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If you're struggling to stay active during Ramadan, follow in the footsteps of MCC member and walking enthusiast Khalid Salman who has put together three easy-to-follow routes for our members to enjoy while they rediscover Riyadh 

Finding ways to keep the family active during Ramadan can be a challenge. Yet it’s easy to overlook one of the best exercises available for your body, that's free, always available and doesn’t require expensive equipment – walking. The Saudi government recommends 30 minutes a day as a minimum, starting with 10 minutes and increasing gradually. 

Clearly temperatures outside can be a problem – no one wants heatstroke – but many walking groups organize strolls early in the morning or after 8pm to combat this issue, and the cooler temperatures we’re enjoying during Holy Month make exploring on two feet a great way to stay active with the whole family. 

Riyadh resident and MCC member Khalid Salman, 26, is a keen walker who records his routes and favorite photos on his instagram page for others to follow, and is enthusiastic about the benefits.

“I discovered my passion for walking during lockdown when it was one of the only outings we could have,” he says. “Before then, I hadn’t realized how good walking was for my well being and how much I enjoyed it. It is one of the positive things I have taken with me from the lockdown period.” 

Woman walking in a park / Shutterstock

Khalid says he tries to take a walk every day because it makes him feel so much better and can also be a social outing. “You can have good conversations with friends and family on a walk,” he says. “It can also be a good way to spend some time alone to self reflect, refresh your mind after a long day of work, or even listen to an interesting podcast. All this while getting some exercise at the same time.

” Riyadh has been designed with cars in mind, as Khalid points out, so finding suitable sidewalks can sometimes be difficult, but all is not lost. “This hasn’t stopped people as you always see them walking in neighborhood parks, open-air commercial centers, and shopping malls,” he says. “However, due to the metro system currently being developed in Riyadh, pedestrianized sidewalks have been on the rise in many parts of the city. This has resulted in the availability of longer and more interesting walking routes.  “The extreme heat in the summer is also a challenge, but Riyadh is a city that comes alive at night and most walking routes are very well lit.” Khalid recommends buying good walking shoes and always carrying a bottle of water. “Keep your phone ready to get your bearings, pinpoint nice places you would like to return to, and take nice pictures,” he adds. 

So what kind of sights are worth seeing on a walk – particularly in the city? “I regularly discover many places such as nice restaurants, shops, cafes and parks,” says Khalid. “I also pass by really interesting places and things which I normally wouldn’t notice in a car. For example buildings and artifacts with great architecture or historical significance. In a way, this makes me more familiar with my city.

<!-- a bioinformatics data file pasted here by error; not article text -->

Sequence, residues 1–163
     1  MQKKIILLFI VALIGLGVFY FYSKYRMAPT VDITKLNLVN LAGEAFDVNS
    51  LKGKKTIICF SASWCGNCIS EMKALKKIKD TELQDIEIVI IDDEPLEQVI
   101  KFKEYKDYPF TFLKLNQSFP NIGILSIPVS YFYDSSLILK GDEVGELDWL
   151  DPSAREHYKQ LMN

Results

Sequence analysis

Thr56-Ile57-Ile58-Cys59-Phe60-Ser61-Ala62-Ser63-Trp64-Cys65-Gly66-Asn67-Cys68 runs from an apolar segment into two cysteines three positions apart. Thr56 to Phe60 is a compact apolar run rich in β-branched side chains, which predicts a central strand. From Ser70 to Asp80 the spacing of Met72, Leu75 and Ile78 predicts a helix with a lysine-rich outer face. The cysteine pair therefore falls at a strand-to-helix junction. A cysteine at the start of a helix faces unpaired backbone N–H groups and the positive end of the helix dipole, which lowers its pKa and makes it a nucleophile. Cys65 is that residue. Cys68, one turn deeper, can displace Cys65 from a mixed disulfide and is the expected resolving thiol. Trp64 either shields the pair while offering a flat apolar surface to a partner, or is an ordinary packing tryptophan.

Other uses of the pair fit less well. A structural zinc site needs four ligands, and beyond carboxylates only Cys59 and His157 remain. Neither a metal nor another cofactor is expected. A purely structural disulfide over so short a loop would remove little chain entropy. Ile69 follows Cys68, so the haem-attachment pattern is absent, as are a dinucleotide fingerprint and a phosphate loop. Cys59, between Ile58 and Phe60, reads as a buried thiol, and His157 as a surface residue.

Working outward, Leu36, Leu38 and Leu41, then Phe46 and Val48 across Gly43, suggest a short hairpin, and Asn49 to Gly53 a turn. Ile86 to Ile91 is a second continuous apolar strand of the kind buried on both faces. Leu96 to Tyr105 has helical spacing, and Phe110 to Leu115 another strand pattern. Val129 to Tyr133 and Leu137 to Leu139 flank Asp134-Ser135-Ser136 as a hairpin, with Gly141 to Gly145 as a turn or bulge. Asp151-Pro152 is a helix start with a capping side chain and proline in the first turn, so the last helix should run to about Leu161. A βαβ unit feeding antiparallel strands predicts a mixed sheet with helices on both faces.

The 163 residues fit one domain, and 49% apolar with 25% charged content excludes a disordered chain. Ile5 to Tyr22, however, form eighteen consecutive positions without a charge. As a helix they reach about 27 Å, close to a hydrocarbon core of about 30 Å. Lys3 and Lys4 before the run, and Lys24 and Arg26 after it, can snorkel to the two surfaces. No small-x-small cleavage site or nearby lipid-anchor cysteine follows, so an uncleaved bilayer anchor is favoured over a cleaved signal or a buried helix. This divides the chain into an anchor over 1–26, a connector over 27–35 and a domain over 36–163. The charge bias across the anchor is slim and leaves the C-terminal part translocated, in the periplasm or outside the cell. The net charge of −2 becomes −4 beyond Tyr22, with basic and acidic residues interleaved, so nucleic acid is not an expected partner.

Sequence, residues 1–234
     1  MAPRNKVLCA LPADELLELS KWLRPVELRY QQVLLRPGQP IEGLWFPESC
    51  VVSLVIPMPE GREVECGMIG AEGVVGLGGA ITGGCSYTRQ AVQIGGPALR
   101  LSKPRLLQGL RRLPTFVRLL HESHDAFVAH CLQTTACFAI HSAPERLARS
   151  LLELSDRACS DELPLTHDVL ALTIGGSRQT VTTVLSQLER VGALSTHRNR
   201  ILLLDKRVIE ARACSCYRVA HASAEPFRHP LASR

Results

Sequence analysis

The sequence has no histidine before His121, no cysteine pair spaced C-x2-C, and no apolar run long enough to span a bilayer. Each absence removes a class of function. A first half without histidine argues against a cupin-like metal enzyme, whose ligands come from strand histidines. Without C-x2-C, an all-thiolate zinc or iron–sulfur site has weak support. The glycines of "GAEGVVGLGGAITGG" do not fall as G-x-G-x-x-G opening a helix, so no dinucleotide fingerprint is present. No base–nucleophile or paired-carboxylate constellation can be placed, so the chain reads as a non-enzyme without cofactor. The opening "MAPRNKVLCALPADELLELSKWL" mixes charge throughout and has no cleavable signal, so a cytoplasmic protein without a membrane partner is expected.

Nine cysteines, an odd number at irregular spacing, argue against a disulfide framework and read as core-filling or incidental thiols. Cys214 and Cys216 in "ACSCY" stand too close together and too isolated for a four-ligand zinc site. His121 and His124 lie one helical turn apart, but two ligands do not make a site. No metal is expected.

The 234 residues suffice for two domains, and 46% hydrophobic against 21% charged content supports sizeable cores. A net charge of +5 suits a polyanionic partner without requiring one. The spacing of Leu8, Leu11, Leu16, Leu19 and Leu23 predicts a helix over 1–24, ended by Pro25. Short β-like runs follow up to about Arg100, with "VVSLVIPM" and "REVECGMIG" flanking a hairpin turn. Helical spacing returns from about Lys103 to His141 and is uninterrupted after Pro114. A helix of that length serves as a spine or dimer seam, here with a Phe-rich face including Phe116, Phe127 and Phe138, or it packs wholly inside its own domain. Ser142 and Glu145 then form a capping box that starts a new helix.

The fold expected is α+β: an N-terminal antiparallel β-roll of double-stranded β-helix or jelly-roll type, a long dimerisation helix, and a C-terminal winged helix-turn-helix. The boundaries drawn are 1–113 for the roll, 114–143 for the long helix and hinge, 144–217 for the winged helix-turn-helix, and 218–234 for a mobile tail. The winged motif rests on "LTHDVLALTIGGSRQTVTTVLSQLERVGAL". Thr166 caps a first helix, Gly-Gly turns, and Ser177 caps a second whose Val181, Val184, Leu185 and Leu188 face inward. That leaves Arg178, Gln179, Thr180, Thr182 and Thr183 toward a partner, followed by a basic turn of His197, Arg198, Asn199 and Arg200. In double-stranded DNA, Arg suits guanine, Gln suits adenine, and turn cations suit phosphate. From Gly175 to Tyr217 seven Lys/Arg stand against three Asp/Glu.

” We asked Khalid to recommend three different walking routes: in the city, in nature and with historic interest. The routes here are from point-to-point - so you can choose to arrange a pick-up at the end, or turn around and retrace your steps for a longer walk. For more suggestions, go to his instagram page. 

King Fahad Library - walking Riyadh / Shutterstock


Start point: Midtown (Prince Abbdulaziz Ibn Musaid Ibn Jalawi St). Walk via Tahlia street then Olaya road. 

Finish point: King Fahad National Library. 

Approximate time to complete: 40 minutes one way.  

Difficulty: Easy. For a longer walk continue on Tahlia street to Takhassusi street then Prince Sultan street to end at King Fahad National Library.  



Wadi Hanifa Park / Shutterstock


Start point: Wadi Hanifa park  

Finish point: Prince Ahmad bin Abdulaziz street overpass 

Approximate time to complete: 45 minutes one way .

Difficulty: The terrain is easy but it is mainly rocks and pebbles which have been smoothed out to create walking paths, so good walking shoes are a must. The route may be challenging for small children as there are some water canals with slight drops on either side, but older kids would really enjoy it. Watch out for stray dogs which appear sometimes, it is best to stay away from them.  


  • Desert trees of the Wadi such as the Vachellia Seyal which has a bright red bark and yellow flowers.
  • The Wadi Hanifa Dam which is one of the oldest Dams of modern Saudi Arabia
  • The Wadi Hanifa Dam Park Lake in which  you often see different breeds of migrating birds stopping by
  • Hedgehogs and harmless bats appear at night


Al Masmak Fort / Riyadh / Shutterstock


Start point: King Abdulaziz Historical Center 

Finish point: Al Masmak Palace via King Saud Road, then King Fahad Road  

Approximate time to complete: 40 mins one way 

Difficulty: An easy walk. The start and finish points have large squares that are mainly pedestrianized whilst the route that connects both points are sidewalks of busy roads with sufficient walking space.  



– Where to keep fit during Ramadan: MCC recommends 
– How to have a healthy Ramadan – Space for Self: A holistic guide to your Ramadan routine 
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– Ramadan fashion 2022: Top picks for Holy Month 
– Riyadh’s 10 best restaurants according to MCC members